SMiShing <<  (Short Message Service [texting]+ phishing = SMiShing) Another form of phishing, smishing uses cell phone text messaging to deliver the bait to get you to disclose your personal information such as account number, SSN, CVV code, PIN & other info. The method used to capture your data is usually a website URL, but it has become common practice to send the victim a phone number that connects to an automated voice response system.

Once you call the number provided, you’ll hear a message along the lines of “Notice:  This is an automated message from (your financial institution”s name here) that your (name of card) has been suspended. To reactivate this card, please enter in your account number and password. “

This information is then used to create a duplicate credit and/or debit card.

Of course, if you’re banking with Farmers & Merchants bank, and, you receive a text message from UBetcha We’re Too Big To Fail bank, then this particular SMiSh will in all likelihood result in you scratching your head and wondering WTF.  But if you actually do bank with UBetcha, then you may believe the text message is legit.

Learn more how to protect your phone here.

What You Can Do

While it’s not possible to anticipate and/or prevent every attack, knowing how criminals operate and the ruses they use to fleece unsuspecting consumers is a big step to avoiding having your identity stolen. In addition to reading this website, the FTC also has an informative page that will help ID popular scams that you may encounter.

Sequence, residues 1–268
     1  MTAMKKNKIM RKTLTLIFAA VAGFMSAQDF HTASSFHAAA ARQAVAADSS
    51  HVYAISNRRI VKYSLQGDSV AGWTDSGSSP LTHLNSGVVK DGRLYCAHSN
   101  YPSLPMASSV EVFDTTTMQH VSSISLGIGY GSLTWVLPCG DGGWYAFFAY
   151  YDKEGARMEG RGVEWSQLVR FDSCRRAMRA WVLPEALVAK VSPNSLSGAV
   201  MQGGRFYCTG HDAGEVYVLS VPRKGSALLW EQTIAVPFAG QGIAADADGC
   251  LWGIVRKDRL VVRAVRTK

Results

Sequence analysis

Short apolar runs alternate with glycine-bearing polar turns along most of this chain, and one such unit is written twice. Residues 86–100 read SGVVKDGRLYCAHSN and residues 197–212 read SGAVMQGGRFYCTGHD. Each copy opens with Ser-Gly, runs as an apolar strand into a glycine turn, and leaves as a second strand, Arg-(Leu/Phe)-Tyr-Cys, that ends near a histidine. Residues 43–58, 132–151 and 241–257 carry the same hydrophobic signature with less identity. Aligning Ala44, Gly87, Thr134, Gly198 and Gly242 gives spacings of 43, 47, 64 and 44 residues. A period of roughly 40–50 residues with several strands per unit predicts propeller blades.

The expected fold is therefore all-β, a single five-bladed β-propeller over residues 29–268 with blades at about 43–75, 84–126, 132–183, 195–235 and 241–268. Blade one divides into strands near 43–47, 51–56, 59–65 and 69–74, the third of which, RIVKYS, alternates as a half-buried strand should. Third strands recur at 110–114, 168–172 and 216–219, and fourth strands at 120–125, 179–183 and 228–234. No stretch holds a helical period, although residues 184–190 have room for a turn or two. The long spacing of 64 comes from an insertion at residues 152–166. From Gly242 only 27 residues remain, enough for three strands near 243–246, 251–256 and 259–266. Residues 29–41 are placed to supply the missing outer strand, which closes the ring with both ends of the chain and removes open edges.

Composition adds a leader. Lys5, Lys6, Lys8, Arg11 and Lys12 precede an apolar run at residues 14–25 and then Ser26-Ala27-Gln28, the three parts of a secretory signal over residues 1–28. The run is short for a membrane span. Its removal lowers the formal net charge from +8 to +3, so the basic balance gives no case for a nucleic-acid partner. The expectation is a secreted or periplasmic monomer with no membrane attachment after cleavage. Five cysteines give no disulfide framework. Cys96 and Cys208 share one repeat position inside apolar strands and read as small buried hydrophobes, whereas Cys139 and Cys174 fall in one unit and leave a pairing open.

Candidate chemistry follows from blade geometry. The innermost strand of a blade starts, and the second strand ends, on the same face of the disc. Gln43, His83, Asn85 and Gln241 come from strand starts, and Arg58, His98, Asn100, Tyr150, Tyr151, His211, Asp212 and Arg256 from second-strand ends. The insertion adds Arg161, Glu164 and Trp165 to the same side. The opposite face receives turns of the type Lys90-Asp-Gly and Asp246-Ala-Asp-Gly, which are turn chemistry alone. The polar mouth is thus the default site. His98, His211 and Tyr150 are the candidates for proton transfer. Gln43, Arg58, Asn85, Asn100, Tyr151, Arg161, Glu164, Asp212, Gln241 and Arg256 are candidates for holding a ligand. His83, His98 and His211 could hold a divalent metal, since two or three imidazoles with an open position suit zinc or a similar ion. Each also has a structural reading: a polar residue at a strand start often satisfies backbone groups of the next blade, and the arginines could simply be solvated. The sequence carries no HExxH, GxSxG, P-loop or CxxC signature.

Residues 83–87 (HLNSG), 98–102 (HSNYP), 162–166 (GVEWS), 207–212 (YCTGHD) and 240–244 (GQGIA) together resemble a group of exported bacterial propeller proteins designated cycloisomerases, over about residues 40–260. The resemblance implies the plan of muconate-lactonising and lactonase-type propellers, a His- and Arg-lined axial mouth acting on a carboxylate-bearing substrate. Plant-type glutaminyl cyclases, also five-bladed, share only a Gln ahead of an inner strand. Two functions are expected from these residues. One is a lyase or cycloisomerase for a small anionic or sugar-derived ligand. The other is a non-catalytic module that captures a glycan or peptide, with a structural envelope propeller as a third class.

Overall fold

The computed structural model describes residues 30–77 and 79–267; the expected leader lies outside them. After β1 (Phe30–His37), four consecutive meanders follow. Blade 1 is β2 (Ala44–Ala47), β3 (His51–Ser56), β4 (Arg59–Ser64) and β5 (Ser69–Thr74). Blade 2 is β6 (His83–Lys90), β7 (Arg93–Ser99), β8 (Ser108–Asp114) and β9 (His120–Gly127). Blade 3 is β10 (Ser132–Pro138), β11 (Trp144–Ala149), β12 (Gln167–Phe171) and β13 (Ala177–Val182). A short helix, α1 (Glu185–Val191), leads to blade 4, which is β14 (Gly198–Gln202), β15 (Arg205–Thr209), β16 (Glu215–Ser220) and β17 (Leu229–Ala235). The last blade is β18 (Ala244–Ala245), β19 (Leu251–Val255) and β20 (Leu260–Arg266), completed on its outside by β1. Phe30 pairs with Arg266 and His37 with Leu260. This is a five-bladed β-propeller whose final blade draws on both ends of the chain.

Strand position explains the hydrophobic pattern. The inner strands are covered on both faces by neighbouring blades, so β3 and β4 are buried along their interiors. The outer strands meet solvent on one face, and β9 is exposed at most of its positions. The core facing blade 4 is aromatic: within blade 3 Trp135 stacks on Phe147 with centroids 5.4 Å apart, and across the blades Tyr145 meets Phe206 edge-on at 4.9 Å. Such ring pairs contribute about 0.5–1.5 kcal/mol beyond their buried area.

Update – The Thriving Fraud Economy Marches On

4/4/2011 >>

If you’ve been receiving email notifications regarding a database breach for various brands, it’s because Epsilon -the world’s largest permission-based email marketer- was hacked. So far, the breach seems to include names and email addresses, but no financial information, but be advised that you are not safe.  From here on out, you can expect to see a whole lot more scams (such as the above referenced) to get you to disclose your confidential data.

Click here for the most current list of Epsilon’s clients for 4/4/2011.

©2010 Peyton Farquhar™ and Prattle On, Boyo™. Unauthorized use and/or duplication of this material without express and written permission from this blog’s author and/or owner is strictly prohibited. Excerpts and links may be used, provided that full and clear credit is given to Peyton Farquhar™ and Prattle On, Boyo™ with appropriate and specific direction to the original content.

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4 Responses to Prattle Encore|The Thriving Fraud Economy

  1. Brent Allard says:

    Great post Peyton! The scammers can be pretty slick and even smart people get taken (I’ve known a few) Great information to get out there!

  2. Lisa Brandel says:

    Great and timely post. It is so easy to get sucked in just a moment of not thinking you can royally screw up your life in a big way. Thank you for this thoughtful and intelligent post!

  3. Thx for the feedback, Brent & Lisa. Crime moves as quickly as technology does so it’s a little hard to keep up with all the scams out there. And with more consumers using their cell phones for global transactions, I wanted to draw attention to the pitfalls.

  4. THREE says:

    great informative post. There should be a ‘reality show’ on the idiot box (i.e. TV), an Apprentice-like best-scammer/hacker ‘contest’ that exposes the new tactics that keep coming up… now that’d be something to watch. Something useful for a change.